In response to the Association of American Medical Colleges' call for increases in medical school enrollment, several new MD-granting schools have opened in recent years. This article chronicles the development of one of these new schools, The Commonwealth Medical College (TCMC), a private, not-for-profit, independent medical college with a distributive model of education and regional campuses in Scranton, Wilkes-Barre, and Williamsport, Pennsylvania. TCMC is unique among new medical schools because it is not affiliated with a parent university. The authors outline the process of identifying a need for a new regional medical school in northeastern Pennsylvania, the financial planning process, the recruitment of faculty and staff, the educational and research missions of TCMC, and details of the infrastructure of the new school.
TCMC's purpose is to increase the number of physicians in northeastern Pennsylvania, and in the next 20 years it is expected to add 425 practicing physicians to this part of the state. TCMC is characterized by autonomy, private and public support, assured resources in good supply, a relatively secure clinical base, strong cultural ties to the northeast, recruiting practices that reflect the dean's convictions, and strong support from its board of directors.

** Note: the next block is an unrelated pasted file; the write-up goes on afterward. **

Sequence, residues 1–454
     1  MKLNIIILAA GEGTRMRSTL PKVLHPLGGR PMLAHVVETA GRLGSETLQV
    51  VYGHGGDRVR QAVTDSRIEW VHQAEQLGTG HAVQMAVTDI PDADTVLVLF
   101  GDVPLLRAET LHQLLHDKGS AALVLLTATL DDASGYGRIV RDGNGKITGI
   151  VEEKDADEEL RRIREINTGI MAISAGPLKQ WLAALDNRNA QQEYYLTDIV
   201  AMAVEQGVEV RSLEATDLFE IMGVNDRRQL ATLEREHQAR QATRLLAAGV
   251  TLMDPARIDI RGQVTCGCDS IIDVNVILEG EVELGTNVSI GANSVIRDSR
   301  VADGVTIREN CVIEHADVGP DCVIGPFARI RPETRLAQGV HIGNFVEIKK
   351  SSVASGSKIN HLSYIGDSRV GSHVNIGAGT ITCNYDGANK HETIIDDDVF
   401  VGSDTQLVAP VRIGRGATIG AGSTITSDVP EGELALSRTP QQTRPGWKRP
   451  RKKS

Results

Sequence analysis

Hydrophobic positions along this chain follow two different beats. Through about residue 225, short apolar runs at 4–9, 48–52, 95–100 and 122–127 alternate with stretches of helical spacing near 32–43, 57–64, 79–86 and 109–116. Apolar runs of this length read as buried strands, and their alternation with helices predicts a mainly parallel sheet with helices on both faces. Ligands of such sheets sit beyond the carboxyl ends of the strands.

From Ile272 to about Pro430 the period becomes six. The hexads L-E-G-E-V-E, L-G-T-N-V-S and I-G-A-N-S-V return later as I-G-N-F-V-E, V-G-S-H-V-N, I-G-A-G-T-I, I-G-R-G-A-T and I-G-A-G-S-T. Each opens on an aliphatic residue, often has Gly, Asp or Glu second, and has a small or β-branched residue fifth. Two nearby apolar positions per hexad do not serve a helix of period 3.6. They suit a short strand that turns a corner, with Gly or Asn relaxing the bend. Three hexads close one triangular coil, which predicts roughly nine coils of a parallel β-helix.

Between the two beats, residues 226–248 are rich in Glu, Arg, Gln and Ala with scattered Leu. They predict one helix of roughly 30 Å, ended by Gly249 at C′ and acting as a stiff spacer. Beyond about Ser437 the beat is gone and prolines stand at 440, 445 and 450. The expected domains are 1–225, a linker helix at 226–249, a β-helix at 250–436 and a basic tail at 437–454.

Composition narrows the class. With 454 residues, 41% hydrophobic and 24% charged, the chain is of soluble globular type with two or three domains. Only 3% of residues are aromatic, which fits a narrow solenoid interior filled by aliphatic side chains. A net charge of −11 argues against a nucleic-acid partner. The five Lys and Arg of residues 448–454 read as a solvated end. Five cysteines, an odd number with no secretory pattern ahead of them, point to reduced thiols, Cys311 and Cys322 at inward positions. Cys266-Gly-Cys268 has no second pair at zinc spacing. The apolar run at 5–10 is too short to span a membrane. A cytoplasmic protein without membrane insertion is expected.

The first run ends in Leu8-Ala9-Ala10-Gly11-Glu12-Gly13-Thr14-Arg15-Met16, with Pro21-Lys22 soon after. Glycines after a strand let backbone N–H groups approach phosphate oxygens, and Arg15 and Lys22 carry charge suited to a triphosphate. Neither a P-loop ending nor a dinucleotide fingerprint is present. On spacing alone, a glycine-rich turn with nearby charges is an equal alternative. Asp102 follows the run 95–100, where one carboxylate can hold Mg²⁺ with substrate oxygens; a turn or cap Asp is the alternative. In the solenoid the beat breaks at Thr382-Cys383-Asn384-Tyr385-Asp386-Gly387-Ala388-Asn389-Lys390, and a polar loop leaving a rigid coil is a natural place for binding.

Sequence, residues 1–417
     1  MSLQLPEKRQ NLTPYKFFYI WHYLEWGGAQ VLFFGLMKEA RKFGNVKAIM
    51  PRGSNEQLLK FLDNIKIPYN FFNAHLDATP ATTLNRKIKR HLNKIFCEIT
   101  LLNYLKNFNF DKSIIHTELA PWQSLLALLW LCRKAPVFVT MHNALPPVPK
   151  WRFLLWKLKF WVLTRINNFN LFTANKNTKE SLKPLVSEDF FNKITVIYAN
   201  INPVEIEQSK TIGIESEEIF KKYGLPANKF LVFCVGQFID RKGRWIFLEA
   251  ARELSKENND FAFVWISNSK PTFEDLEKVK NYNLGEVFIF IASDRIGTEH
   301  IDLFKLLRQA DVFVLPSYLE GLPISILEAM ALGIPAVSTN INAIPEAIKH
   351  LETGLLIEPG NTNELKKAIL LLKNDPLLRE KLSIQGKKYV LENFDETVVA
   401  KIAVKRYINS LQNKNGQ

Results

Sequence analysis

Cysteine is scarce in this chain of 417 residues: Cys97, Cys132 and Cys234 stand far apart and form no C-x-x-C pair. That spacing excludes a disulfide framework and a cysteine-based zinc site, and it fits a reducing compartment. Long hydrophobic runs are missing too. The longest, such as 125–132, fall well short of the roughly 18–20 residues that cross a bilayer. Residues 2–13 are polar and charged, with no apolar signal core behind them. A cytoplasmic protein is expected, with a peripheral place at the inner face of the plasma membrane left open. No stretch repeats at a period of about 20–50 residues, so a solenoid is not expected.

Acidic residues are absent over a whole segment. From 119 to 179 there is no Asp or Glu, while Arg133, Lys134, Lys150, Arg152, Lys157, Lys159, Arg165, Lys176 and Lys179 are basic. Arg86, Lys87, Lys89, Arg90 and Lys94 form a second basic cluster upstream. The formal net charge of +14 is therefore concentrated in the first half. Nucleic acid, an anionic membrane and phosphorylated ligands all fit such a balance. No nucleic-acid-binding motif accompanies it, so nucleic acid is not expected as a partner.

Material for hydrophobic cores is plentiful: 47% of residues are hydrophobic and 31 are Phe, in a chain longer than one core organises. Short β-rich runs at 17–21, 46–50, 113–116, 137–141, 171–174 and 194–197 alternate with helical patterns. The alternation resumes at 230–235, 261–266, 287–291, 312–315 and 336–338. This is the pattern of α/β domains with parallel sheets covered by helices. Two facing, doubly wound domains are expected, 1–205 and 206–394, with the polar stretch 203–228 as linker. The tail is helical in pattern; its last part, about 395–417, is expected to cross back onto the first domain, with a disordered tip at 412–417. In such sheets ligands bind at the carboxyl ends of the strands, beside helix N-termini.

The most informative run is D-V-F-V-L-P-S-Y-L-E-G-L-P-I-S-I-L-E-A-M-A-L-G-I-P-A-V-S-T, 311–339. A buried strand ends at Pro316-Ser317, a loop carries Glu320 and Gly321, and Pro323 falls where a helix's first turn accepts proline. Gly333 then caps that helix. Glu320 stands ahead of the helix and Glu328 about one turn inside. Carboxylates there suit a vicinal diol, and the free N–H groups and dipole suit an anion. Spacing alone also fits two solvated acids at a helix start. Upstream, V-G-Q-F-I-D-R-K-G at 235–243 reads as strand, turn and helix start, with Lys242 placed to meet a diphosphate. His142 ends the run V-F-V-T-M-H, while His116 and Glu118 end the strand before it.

TCMC has invested heavily in social and community medicine in its educational programs while still developing a strong research emphasis. Major challenges have centered on TCMC's lack of a parent university in areas of accreditation, infrastructure development, faculty recruitment, and graduate medical education programs. These challenges, as well as solutions and benefits, are discussed.